AUGUSTA, Ga. — Is it me, or did the 2024 Masters Tournament concluded last month exude a subtle-but-fascinating Antipodean vibe? I’m not talking about the field itself (though I do think ESPN and CBS could have done with an Aussie Cam, to track the progress of Mssrs. Davis and Smith), but rather the course itself. I came away convinced that the 2024 presentation at Augusta National Golf Club has subtly moved closer to the Sand Belt stylings of Royal Melbourne, as opposed to the iconic American parkland for which ANGC has for many decades served as standard-bearer.

The Good Doctor, Alister MacKenzie, laid out all 18 holes at ANGC (with Robert Tyre Jones) and all 36 at RMGC (with Alex Russell) some 90 years ago. In Georgia, architect George Cobb subsequently authored several changes during the 1950s and ’60s. Yet most golf fans recognize that, between major championships, this golf course is routinely renovated and tweaked. Last week’s telecast revealed a few new cupping areas, enabled by reworked contours on and around the putting surfaces. A few loblolly pines have also gone missing, some by design, some due to old age, and some out of an abundance of caution, due to the massive tree limb that fell to earth during last year’s tournament.

Augusta National rarely comments on any of these adjustments, as we’ve come to expect. What’s more, its broadcaster partners scrupulously (some would say obsequiously) follow the club’s lead in this regard. As do the course design and construction professionals who carry out this annual off-season adjustment work.

Still, I noticed a few things that felt new, and all of them struck me as rather Australian.

First, the bunker edges at Augusta National are looking more and more like something we’d see at Royal Melbourne, Kingston Heath or Metropolitan. I’m not sure when this edging practice actually started, in Augusta, but this year I noticed for the first time just how much of the soil profile is visible at the top of the greenside bunkers especially. Either way, this is very much a stylistic flourish associated with the top courses in Australia, especially those in the famed Sand Belt region south of Melbourne.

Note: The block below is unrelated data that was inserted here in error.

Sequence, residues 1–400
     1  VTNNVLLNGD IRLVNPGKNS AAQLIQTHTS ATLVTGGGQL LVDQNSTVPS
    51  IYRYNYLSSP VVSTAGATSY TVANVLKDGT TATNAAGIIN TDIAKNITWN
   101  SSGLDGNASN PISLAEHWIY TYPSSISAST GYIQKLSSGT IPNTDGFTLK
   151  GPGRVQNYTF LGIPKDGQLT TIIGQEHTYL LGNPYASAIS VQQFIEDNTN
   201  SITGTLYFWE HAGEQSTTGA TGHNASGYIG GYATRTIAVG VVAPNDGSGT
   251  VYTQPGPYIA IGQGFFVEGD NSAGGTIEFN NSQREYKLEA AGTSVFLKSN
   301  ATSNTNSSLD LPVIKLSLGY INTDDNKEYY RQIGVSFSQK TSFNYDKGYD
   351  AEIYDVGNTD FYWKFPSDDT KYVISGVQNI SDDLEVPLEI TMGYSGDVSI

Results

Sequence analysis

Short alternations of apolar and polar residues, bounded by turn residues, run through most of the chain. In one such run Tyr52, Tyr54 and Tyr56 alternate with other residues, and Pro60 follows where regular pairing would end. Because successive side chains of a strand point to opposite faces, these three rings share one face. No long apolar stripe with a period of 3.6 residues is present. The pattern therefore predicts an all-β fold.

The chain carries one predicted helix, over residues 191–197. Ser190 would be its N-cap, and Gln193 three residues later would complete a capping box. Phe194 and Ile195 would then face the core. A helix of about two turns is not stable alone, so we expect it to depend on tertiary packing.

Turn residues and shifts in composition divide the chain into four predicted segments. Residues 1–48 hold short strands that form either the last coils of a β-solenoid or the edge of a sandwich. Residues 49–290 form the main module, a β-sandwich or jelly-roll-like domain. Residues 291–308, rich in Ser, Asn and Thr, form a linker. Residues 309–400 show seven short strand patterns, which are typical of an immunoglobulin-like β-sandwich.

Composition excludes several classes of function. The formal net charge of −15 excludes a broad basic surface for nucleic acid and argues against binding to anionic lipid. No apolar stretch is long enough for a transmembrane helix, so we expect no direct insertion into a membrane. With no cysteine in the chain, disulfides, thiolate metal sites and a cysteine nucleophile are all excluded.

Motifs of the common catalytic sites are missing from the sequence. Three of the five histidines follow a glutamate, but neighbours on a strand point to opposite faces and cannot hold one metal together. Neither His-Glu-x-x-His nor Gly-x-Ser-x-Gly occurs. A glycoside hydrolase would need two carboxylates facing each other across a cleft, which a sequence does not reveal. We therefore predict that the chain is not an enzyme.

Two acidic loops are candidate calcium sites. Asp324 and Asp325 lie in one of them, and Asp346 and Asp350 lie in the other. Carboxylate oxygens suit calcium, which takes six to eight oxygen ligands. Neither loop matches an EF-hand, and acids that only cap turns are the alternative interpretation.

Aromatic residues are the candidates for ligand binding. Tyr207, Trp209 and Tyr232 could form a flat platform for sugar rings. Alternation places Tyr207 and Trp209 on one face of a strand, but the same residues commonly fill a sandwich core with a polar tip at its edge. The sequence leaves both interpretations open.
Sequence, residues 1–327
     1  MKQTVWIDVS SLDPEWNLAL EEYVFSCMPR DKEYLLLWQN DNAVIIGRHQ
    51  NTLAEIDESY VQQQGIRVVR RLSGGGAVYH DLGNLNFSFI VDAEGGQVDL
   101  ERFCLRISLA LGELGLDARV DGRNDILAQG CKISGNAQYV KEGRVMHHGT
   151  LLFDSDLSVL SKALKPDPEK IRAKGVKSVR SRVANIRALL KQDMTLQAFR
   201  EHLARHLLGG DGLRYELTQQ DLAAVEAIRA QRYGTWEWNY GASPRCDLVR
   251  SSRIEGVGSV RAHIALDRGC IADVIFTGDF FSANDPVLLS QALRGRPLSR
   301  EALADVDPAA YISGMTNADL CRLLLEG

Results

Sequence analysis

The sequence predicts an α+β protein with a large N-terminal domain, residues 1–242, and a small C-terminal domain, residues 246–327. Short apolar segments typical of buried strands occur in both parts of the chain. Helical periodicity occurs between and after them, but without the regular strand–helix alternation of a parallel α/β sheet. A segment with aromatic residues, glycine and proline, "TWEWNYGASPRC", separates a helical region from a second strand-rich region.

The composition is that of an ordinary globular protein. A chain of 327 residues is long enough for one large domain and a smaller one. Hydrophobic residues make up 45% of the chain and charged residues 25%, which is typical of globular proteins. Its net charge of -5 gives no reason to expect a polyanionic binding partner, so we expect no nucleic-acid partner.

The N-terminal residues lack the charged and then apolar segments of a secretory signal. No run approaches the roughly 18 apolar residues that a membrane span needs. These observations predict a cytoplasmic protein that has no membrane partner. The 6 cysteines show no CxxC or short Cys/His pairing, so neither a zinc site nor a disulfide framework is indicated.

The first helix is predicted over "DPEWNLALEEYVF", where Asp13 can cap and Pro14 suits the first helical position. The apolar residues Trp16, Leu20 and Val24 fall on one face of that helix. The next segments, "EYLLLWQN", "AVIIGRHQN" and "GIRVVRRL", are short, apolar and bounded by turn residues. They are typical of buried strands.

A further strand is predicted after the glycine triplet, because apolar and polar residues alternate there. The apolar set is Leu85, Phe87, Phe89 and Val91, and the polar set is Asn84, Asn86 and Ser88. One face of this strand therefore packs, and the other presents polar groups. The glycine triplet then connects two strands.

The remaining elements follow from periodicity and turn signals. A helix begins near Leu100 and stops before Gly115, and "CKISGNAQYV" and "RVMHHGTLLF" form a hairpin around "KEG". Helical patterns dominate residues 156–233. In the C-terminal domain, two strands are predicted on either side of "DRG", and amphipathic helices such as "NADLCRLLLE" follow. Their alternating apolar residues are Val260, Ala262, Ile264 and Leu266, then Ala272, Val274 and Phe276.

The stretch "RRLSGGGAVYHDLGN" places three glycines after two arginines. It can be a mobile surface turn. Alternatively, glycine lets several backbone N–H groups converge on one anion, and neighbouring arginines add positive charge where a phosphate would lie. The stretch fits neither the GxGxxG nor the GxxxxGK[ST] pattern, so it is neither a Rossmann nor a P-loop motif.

The modifier design nerds like to deploy when describing this style of bunker edge is “sharp”. The definition of said edge is indeed very neat and clean, and balls don’t trickle down a collar or embankent into these bunkers: They drop in, directly. To be clear, I’m not about to claim that this style was instituted course-wide this past winter. More likely, it’s been introduced already, perhaps in a few spots, and expanded to include most every green complex, save 14, where no bunkers exist.

Aussie/Sand Belt bunkers and those at Augusta National have long shared two more qualities: steep faces and flat bottoms. This shared characteristic typically means a ball hits the face, doesn’t embed, and rolls back down to a fairly level bunker floor. This architectural choice has a competitive aspect (anything buried in the face would result in a terrifically difficult recovery shot) and an ease-of-maintenance aspect. It also looks smart.

We can agree Augusta National’s bunkers have presented and played this way for years. It seems to me the club has finally added this soil-forward edging presentation to fully complement the effect.

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